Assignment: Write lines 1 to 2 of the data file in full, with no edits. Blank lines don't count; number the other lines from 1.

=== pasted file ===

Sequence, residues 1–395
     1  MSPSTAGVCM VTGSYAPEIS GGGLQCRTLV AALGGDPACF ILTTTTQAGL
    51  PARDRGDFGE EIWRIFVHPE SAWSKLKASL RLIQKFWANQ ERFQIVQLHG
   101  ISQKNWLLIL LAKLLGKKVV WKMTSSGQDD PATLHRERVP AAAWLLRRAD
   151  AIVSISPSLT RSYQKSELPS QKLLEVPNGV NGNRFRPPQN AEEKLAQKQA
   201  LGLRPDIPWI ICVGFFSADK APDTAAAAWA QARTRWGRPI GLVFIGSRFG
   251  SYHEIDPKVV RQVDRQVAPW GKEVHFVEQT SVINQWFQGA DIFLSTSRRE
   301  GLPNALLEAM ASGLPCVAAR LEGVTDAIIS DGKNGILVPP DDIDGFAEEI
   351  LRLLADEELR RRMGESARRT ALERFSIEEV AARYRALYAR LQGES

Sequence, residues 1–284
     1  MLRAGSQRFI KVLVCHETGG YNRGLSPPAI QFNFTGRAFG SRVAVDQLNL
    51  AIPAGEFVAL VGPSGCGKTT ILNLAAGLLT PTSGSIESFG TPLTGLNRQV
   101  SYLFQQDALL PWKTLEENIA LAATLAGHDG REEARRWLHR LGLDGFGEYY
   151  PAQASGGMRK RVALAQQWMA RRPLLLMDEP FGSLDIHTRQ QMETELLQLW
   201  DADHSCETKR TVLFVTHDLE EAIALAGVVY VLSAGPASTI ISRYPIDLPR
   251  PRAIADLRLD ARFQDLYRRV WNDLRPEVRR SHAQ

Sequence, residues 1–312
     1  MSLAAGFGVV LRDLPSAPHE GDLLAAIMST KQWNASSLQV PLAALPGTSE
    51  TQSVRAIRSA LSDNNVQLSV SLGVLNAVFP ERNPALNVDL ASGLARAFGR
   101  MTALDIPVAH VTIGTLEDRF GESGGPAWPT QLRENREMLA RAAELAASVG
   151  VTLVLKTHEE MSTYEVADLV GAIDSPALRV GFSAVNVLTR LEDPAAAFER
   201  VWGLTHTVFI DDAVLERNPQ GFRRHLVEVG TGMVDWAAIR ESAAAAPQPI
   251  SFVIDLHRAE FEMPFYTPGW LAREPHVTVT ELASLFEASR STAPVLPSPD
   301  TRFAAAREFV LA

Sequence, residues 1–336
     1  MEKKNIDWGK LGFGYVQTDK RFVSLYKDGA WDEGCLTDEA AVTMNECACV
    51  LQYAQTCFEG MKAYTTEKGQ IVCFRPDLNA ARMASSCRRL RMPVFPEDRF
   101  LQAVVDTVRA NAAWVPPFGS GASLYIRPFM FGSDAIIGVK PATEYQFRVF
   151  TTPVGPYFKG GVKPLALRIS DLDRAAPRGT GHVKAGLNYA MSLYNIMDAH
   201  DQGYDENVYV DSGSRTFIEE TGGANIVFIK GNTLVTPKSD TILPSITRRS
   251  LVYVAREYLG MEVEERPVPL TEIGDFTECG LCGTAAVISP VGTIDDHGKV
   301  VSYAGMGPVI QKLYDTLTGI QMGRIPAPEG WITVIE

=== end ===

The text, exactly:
Sequence, residues 1–395
     1  MSPSTAGVCM VTGSYAPEIS GGGLQCRTLV AALGGDPACF ILTTTTQAGL